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Crime News

Sex, Lies, And A Disturbing Bludgeoning In 'American Crime Story: Versace' (Ep. 7)

Was Andrew Cunanan deceiving the world or himself?

By Eric Shorey
The Gianni Versace Case, Explained

Both Episode 6 and 7 of American Crime Story: The Assassination of Gianni Versace were directed by Gwyneth Horder-Payton. The two episodes, titled "Descent" and "Ascent," form a neat diptych depicting the imagined suffering of Cunanan, whose inability to seperate fact from fiction led him into increasingly dangerous proclivities. To what extent he is the product of pure evil or a series of misfortunes is a question begged by the show.

Episode 7 starts in Milan, Italy in 1992. Donatella appears to have taken a creative lead in the design process as Gianni's health deteriorates (amidst denials of his condition). The siblings argue over the future of the company — can Donatella handle the pressure of their line after Gianni's imminent demise?

This marks the return of the eponymous family to the series, who had been conspicuously absent for much of the show —  considering the program's title.

In San Diego at the same time: Cunanan is working in a convenience store. He continues telling lies to customers about his future prospects as a PhD candidate. He lives with his mother, embroiled in a constant, semi-incestuous battle with her.

Later, Andrew and Trail head to a gay bar where Cunanan continues to create elaborate lies about his past, his family, his income. An older gentleman approaches him with his phone number, implying that his needs could be taken care of.

The next day, as if inspired by the events of the night before, Cunanan finds himself interviewing at an escort service. Despite his superior wit, the interviewer is unimpressed with his racial identity and demeanor. He decides to sell himself.

Back to the Versaces. Gianni and Donatella are working on a masterpiece together. Gianni thinks Donatella should be the model for his piece de resistance in his next collection. Donatella demures at first, but gives in. The cameras eat up their fetish-y design.

Meanwhile, Cunanan begins tracking high-profile charity events and operas in order to scope out potential older suitors. He zones in on one gentleman, Norman Blachford, and immediately begins seducing him (and his friends), saying "Let's discuss your wants and my terms."

Donatella is met with celebration at her studio — but despite the publicity, sales are down. Donatella conceives of designing a more ready-to-wear version of her bondage look. Gianni is furious, feeling like his artistic integrity is being compromised. His health is obviously deteriorating — he suddenly goes deaf.

Andrew shows off his newfound wealth with friends. He buys a drink for an attractive young blonde at the bar: it's Madson.

Smitten, Madson returns to Cunanan's hotel room. The two bond over stories of lost love, coming out, past melancholies.

Cunanan's patron, Lincoln Aston, sees the itemized bill from the night and cuts him off. 

The next night, Cunanan bizarrely witnesses Aston murdered by someone he was attempting to seduce — specifically, bludgeoned to death in a shockingly graphic scene. Cunanan lets the killer slip by without calling the police. The next day, Andrew meets with his older suitor and explains that police let the murderer go on a gay panic defense.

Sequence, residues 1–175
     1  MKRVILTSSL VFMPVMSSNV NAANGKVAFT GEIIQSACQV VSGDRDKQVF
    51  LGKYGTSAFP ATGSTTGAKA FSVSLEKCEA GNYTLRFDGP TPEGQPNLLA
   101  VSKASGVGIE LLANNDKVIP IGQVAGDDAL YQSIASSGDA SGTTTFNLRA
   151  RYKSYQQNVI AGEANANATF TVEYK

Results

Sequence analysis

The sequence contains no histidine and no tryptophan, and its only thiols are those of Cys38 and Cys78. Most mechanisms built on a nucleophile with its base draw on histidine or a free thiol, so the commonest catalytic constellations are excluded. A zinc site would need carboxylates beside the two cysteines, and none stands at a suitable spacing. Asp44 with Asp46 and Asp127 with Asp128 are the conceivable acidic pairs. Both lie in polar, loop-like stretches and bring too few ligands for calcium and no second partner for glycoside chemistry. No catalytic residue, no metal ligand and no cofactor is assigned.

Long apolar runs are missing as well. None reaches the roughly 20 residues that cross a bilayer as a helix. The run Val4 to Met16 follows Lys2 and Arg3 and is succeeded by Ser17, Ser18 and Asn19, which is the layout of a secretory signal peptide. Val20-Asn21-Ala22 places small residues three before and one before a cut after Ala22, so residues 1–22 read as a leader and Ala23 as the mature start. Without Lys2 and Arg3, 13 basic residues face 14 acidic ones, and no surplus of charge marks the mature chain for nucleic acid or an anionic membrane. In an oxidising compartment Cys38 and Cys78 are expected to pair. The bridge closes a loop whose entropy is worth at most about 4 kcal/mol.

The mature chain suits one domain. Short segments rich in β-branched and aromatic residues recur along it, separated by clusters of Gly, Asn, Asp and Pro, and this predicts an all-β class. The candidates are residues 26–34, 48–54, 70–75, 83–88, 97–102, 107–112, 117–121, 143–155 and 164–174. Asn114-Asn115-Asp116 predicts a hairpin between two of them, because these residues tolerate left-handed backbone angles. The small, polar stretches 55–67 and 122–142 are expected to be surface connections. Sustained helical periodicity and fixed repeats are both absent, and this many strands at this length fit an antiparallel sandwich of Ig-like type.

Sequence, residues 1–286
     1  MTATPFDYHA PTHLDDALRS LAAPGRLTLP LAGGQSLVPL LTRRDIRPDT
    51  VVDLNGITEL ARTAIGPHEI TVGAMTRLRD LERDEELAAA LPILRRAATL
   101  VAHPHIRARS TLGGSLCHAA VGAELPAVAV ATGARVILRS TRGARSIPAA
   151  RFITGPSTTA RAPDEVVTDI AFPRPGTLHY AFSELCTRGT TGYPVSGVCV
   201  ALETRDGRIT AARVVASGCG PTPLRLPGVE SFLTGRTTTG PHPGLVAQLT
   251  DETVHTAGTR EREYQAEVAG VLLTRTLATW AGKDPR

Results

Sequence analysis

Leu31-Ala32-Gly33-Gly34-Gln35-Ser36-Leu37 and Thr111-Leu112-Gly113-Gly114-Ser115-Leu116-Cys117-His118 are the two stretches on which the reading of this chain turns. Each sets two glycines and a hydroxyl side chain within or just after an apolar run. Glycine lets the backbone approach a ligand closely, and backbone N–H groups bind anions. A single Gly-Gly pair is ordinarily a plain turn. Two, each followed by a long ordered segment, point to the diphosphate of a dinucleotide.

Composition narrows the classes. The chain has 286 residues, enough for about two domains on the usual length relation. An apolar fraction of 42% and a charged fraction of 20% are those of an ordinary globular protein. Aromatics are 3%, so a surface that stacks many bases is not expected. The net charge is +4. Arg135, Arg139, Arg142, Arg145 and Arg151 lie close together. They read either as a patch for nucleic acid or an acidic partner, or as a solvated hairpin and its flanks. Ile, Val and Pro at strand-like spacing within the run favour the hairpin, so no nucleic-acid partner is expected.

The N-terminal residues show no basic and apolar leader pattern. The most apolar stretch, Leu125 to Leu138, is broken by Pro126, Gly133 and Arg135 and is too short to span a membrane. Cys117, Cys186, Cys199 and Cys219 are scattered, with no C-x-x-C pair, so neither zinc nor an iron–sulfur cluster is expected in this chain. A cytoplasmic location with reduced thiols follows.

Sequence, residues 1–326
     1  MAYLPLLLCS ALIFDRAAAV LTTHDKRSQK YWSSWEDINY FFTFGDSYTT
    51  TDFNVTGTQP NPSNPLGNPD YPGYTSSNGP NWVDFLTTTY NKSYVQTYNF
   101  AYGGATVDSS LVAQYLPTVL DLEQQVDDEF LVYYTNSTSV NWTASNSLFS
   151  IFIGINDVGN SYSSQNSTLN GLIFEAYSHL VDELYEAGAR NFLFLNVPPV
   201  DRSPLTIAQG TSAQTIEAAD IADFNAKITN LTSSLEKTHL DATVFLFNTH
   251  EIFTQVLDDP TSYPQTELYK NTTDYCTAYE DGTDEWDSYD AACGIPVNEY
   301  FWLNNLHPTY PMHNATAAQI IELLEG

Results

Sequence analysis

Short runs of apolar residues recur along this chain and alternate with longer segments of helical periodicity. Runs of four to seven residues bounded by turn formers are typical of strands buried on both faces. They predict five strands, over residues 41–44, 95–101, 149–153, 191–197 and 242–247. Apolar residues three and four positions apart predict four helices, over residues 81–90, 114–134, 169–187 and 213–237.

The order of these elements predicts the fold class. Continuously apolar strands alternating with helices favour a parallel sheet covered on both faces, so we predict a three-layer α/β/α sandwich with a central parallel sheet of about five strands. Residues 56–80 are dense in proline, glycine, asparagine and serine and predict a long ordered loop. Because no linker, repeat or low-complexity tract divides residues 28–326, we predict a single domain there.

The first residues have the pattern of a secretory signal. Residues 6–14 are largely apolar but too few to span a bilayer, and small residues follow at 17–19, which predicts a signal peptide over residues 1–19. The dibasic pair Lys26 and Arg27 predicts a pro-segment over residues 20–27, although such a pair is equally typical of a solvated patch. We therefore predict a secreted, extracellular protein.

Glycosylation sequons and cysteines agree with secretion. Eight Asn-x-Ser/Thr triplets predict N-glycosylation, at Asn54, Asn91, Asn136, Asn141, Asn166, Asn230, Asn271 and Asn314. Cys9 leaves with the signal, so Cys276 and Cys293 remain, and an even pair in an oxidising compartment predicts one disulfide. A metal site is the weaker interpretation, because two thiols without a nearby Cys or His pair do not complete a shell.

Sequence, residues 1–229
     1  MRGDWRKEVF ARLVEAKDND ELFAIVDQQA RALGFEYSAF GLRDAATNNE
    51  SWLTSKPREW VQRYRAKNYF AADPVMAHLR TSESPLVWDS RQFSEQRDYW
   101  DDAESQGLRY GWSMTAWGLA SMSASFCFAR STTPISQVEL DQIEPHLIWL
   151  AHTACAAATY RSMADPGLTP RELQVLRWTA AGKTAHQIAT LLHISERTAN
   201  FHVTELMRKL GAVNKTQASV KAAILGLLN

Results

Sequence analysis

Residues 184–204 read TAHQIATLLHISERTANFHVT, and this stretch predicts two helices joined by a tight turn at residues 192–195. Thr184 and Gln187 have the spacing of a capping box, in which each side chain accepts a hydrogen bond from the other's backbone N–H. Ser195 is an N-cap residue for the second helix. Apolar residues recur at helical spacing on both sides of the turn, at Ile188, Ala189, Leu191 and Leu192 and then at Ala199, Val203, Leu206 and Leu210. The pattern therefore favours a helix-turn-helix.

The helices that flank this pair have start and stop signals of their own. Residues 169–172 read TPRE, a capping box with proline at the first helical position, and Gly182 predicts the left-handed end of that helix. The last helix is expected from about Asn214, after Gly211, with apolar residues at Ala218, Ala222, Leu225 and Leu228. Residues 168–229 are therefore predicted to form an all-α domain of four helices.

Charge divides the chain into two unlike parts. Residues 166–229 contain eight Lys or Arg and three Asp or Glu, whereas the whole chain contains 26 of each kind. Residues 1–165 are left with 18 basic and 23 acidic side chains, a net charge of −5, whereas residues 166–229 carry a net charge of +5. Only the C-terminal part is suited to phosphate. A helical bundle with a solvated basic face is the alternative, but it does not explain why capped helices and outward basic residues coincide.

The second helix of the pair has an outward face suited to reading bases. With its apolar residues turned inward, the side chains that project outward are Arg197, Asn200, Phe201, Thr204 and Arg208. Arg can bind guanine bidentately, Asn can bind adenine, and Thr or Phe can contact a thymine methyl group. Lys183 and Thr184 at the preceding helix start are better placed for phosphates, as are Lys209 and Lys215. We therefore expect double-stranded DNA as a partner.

"I've been living through this my whole life. We fall sick, it's our fault. We're murdered, it's our fault," says the suitor.

"You can rob us, you can beat us, you can kill us — and get away with it," replies Andrew.

The next day, Andrew recounts one of Madson's stories to Norman — as if the events had happened to him. 

Andrew announces to his mother that he'll be traveling the world (with Versace — another lie). His mother begs Andrew to let her come with him. Andrew refuses before their argument gets physical. He pushes her into a wall and breaks her shoulder blade. She lies to doctors about what happened.

Donatella tells the Versace employees that Gianni is suffering from a rare form of ear cancer. She announces she will be taking over the operations of the business. 

Andrew and Norman purchase a house together.

"If they could see me now..." muses Andrew.

"Who?" asks Norman.

"Everyone." replies Andrew.

The show's writer, Tom Rob Smith, has discussed his portrayal of Andrew in this duo of episodes.

“I think it’s wrong to think of him as the ‘Talented Mr. Ripley,’” said Smith to Vanity Fair. “Mr. Ripley is someone who is always hustling and is aware that he’s angling things. . . . I think Andrew thought he was a husband or a partner in his own right. I don’t think he understood that he was a hustler, otherwise he would’ve been happy with his lot.”

Andrew's deception in the face of a particularly cruel social milieu has become the show's central throughline: but the extent to which Andrew was deceiving himself remains a large, perhaps unanswerable question. By juxtaposing Andrew with his most famous victim, Murphy's team appears to be commenting, once again, on the lies queer people need(ed) to be legible to society. Blachland's resignation in the face of his friend's murder shows the necessity of those lies, which are used like armor to protect from the indifference of the straight world.

[Photo: Screenshot via FX]